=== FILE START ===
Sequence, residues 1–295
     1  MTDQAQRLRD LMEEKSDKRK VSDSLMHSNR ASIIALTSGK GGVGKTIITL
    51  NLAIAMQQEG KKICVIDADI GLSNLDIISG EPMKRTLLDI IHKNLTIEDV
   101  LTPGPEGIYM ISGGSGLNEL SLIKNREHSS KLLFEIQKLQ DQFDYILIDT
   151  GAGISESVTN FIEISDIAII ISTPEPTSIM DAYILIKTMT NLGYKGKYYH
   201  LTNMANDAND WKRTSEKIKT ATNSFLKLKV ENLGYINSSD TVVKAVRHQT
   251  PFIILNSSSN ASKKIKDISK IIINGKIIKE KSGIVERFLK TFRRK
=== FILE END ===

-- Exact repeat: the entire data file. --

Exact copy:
Sequence, residues 1–295
     1  MTDQAQRLRD LMEEKSDKRK VSDSLMHSNR ASIIALTSGK GGVGKTIITL
    51  NLAIAMQQEG KKICVIDADI GLSNLDIISG EPMKRTLLDI IHKNLTIEDV
   101  LTPGPEGIYM ISGGSGLNEL SLIKNREHSS KLLFEIQKLQ DQFDYILIDT
   151  GAGISESVTN FIEISDIAII ISTPEPTSIM DAYILIKTMT NLGYKGKYYH
   201  LTNMANDAND WKRTSEKIKT ATNSFLKLKV ENLGYINSSD TVVKAVRHQT
   251  PFIILNSSSN ASKKIKDISK IIINGKIIKE KSGIVERFLK TFRRK